It took me a while to write this post. Actually, it took me a while to think of a nice and reasonable way to put into words my mixed feelings towards chocolate. It’s a back and forth relationship, the one I have with this ingredient: sometimes I love it, other times I can’t stand it. I have friends who die for chocolate, not being able of spending an entire day without putting their teeth into a chocolate bar or some kind of chocolaty treat. I, on the opposite, can spend quite some time, with no sacrifice at all, without eating it. I’ve learned to enjoy chocolate throughout the years, as it was something I never got enthuasiastic about, but still I tend to prefer sweets made out of other ingredients. My childhood food memories are filled with cinnamoon, orange and banana cakes, apple pies and roulades, goods that I’d help my grandmother preparing, as I’ve spent a great amount of time, as a kid, at her place. Time has passed, but those remain the sweet baked goods I still like the most. Simple cakes with honest flavors. No chocolate involved.
Actually, I had never baked a chocolate cake until yesterday. So, you may wonder, what on earth suddendly has happened to me to bake a chocolate cake? Honestly, I don’t know. I think it was more of a conscious and logical issue. I mean, I’ve cooked and baked so many things so far, and it feels strange not having a chocolate cake recipe in my repertoire. So, to fill this gap, I’ve decided to pick up a good chocolate cake recipe, one that I could easily make egg and dairy-free (if it wasn’t already like that), and bake it. It was not without surprise that, while searching, I found out that Deb, at Smitten Kitchen , posted a recipe for an everyday chocolate cake . The recipe was dead easy to put together (it took me only 10 minutes to measure the required ingredients, mix them into a batter, and put the batter on the prepared loaf pan), and it called for only one egg, which I easily replaced by some puréed tofu.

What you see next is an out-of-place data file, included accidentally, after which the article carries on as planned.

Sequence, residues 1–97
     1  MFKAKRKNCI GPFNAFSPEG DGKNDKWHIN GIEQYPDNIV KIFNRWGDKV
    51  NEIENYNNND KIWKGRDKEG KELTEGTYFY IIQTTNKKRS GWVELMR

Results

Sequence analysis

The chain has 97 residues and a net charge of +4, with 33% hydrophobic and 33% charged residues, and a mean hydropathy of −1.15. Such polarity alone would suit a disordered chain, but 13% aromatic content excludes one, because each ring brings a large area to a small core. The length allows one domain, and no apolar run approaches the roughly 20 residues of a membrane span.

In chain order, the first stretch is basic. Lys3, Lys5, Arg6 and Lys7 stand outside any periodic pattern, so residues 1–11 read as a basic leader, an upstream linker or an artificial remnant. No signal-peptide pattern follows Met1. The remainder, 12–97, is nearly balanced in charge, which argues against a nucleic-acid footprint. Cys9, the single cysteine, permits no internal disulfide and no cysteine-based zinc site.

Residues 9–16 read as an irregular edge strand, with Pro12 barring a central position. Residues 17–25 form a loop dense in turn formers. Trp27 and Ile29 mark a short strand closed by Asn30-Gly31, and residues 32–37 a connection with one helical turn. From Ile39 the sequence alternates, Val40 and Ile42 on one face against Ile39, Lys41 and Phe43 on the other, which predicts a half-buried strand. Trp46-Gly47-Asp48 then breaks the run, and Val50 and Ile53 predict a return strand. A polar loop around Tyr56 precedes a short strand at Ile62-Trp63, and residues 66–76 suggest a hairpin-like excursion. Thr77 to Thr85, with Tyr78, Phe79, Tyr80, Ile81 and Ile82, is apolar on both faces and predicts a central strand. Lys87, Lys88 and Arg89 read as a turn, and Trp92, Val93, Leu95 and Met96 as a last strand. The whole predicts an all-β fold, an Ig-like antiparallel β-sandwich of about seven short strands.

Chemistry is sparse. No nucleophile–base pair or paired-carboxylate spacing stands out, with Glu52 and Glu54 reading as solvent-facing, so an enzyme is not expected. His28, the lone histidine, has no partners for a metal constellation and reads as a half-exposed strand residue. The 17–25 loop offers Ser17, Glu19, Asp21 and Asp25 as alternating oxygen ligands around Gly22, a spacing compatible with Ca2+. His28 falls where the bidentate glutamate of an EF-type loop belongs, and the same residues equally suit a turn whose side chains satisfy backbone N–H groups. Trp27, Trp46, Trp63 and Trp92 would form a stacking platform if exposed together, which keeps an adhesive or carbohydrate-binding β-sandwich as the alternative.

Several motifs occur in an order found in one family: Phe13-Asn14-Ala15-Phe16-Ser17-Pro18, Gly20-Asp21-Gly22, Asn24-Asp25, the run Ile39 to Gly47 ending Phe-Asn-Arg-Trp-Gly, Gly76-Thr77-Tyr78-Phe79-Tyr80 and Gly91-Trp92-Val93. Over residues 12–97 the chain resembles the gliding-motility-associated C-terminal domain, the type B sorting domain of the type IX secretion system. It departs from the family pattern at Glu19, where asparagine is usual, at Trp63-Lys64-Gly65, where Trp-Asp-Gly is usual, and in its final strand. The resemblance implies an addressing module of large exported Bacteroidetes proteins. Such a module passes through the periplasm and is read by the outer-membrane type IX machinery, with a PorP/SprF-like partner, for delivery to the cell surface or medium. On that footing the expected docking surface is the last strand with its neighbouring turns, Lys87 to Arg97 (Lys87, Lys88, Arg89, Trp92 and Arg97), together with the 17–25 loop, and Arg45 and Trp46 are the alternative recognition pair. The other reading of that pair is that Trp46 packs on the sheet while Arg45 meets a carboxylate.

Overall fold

The cake was that good. It was dense, rich, and not overly sweet, as I don’t like my baked goods to be too sweet. Also, thanks to the addition of muscovado sugar, it developed a nice crust. We enjoyed the cake today right after lunch, and my grandparents, who usually come over for a visit on sundays, even took home some good slices of it with them, to enjoy later on today or tomorrow with a cup of tea.
(for one cake, baked on a loaf pan of 22 x 7 cm)
110 grams (1/2 cup) vegan margarine
190 grams (1 cup) light muscovado sugar
90 grams (1/2 cup) granulated sugar
40 grams (1/4 cup) tofu, crumbled
3 tablespoons water
250 ml (1 cup) soy milk mixed with 1 tablespoon plus 1 teaspoon of lemon juice (this makes a good substitute for buttermilk)
75 grams (3/4 cup) dutch processed cocoa powder (I used Green & Black’s)
190 grams (1 1/2 cups) regular flour
¼ teaspoon baking soda
½ teaspoon baking powder
¼ teaspoon table salt
1. Preheat the oven to 170º.
2. Grease a loaf pan (22 x 7 cm) and line with non-stick parchment paper.
3. In a food processor, combine the tofu with the water and process until creamy. Add the vegan margarine and soy “buttermilk” and process until smooth.
4. In a large bowl, combine the dry ingredients.
5. Add the tofu, margarine and “buttermilk” mixture to the bowl with the dry ingredients, and stir with a spoon until well combined, being carefull not to overmix. You can also do it (as I did) with an electric mixer, as it blends the ingredients more easily.
6. Pour the batter into the prepared loaf pan. Bake for 50 to 60 minutes, or until a toothpick inserted in the center of the cake comes out clean.
7. Let the cake cool on the pan for 10 to 15 minutes, at which point you can transfer it to a wire rack, to cool down completely. It keeps for up to 2 days, wrapped tightly in plastic.
adapted from a recipe posted on the food blog Smitten Kitchen